It’s here, in one of the hotel’s sleek Tower Suites, that I learned my first lesson: that peace is not limited to the absence of sound, it is also carried through design. Sipping tea on the day-bed of the suite’s terrace, I recognise a rare internal stillness – the nag of to-do lists and quotidian anxieties are muted by soft palettes of natural colours and untreated wood, elements which make silence visually comprehensible. ‘The design is restrained, nature is foregrounded, and guests are not burdened with unnecessary stimuli,’ Sader continues, ‘nothing should appear decorated. This means that each material has the opportunity to speak for itself and does not need to be artificially emphasised with strange shapes, edges, etc’. Sustainability can also mean appreciating that which has been taken for granted; the way light travels across the room, the network of lines formed in the wood grain.

The hotel is design-led by a philosophy of acceptance; it encourages us to welcome things as they are, to be attentive to beauty, to engage with silence, and to live with respect to nature’s rhythms. For me, that starts with sleep and movement. Surrounded by forest, there’s real darkness at night. I leave the curtains open in the evening and wake up with the sun. From bed, I watch it rise over the mountains – which are framed by floor-to-ceiling windows – and draw in its energy ready for morning Wyda, a kind of Druidic yoga practised at Forestis. The Celts gleaned all that they knew about the world from the forest and its teachings. It was here where they practised their rituals and observances, and here where, following the instruction of our soft-spoken guide, we mimic bears, horses and rabbits, inhaling good intentions and (quite literally) throwing those that no longer serve us back into the ground.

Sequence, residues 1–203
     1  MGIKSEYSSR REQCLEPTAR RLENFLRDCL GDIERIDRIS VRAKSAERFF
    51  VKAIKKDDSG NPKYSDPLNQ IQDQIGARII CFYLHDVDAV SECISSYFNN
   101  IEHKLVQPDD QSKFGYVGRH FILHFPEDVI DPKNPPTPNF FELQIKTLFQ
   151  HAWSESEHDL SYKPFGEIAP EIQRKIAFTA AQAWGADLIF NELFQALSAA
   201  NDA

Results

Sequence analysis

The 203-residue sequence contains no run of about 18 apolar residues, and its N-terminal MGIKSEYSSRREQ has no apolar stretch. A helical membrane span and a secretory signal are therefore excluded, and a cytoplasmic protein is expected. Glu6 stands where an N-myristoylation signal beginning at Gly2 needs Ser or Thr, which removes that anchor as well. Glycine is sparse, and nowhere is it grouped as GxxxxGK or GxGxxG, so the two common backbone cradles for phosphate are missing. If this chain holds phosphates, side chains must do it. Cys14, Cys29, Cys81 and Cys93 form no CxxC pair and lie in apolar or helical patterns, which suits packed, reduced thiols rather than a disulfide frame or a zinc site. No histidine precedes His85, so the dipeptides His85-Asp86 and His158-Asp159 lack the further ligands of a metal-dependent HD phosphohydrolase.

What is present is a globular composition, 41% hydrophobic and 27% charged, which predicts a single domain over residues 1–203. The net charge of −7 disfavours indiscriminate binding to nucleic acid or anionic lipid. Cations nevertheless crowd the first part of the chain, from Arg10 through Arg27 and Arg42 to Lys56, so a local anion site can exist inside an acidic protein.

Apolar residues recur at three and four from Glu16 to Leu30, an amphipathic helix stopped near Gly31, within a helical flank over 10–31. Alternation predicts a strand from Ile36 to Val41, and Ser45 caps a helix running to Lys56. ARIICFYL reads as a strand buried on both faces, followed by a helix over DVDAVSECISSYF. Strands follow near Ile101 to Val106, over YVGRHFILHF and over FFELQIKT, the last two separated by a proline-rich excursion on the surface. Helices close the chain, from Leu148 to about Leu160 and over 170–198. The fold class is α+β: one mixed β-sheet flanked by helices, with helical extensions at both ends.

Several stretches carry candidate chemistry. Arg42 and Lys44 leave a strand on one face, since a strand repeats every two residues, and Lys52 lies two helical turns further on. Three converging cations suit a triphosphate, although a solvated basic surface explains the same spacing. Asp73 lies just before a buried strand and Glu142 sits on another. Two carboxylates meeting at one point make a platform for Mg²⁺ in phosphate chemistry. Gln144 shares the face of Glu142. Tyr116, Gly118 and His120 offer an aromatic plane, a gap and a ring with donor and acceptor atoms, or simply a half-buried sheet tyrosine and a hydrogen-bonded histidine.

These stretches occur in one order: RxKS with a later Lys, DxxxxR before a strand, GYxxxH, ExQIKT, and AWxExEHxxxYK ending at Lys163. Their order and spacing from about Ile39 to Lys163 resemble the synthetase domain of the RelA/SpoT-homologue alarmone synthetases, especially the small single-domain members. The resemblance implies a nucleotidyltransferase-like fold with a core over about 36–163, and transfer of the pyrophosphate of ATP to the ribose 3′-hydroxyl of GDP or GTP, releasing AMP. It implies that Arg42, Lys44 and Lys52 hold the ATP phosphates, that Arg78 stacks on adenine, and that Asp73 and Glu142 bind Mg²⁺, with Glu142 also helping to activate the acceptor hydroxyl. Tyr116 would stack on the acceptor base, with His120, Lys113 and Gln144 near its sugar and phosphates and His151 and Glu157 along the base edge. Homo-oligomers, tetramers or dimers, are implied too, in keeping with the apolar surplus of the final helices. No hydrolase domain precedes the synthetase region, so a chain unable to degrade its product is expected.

This affinity with the forest is integrated holistically across other areas of Forestis, too. In the spa, mountain pine, spruce, larch and stone pine are used in treatments, while the bar’s signature cocktails put herbs, nuts, shrubs, bark and fir needles through alchemical processes – preserving, drying, smoking and pickling – to create inventive potions with a distinctly Tyrolean edge. Here, things are not designed to be consumed, but to be savoured. This is also true at the restaurant – an impressive architectural feat which has been dug into the ground in order to reduce building volume – where every meal is an opportunity for communion with the land. Roland Lamprecht’s five-course ‘forest cuisine’ tasting menu offers guests the opportunity to linger a while in tiered, amphitheatre-style banquents, providing each table with a front-row seat to those wise, silent teachers of the woods.

The mountains have been here for millions of years, but they’re not the only ancients around – in the spa, a 130-million-year-old fossil serves as a symbolic invitation of reflection. It’s a humbling reminder of how small and vulnerable we are; of how much we need nature, despite nature not needing us. As my time at Forestis comes to a close, I feel a dual sense of gratitude and urgency, lest we forget that the greatest luxury is nature herself. Like the Celts before them, Forestis understands that simplicity gathers magnitude. For every seed, a fir tree. For every bright idea, an eternity.